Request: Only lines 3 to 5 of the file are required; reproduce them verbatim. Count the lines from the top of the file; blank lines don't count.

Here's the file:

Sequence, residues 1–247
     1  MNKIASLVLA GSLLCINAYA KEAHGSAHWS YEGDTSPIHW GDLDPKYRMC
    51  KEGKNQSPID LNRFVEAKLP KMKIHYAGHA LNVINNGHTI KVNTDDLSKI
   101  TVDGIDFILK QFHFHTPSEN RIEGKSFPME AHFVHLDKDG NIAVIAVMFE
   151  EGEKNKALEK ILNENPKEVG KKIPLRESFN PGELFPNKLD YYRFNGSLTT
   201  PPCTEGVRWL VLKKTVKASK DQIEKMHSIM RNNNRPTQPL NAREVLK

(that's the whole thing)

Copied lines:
    51  KEGKNQSPID LNRFVEAKLP KMKIHYAGHA LNVINNGHTI KVNTDDLSKI
   101  TVDGIDFILK QFHFHTPSEN RIEGKSFPME AHFVHLDKDG NIAVIAVMFE
   151  EGEKNKALEK ILNENPKEVG KKIPLRESFN PGELFPNKLD YYRFNGSLTT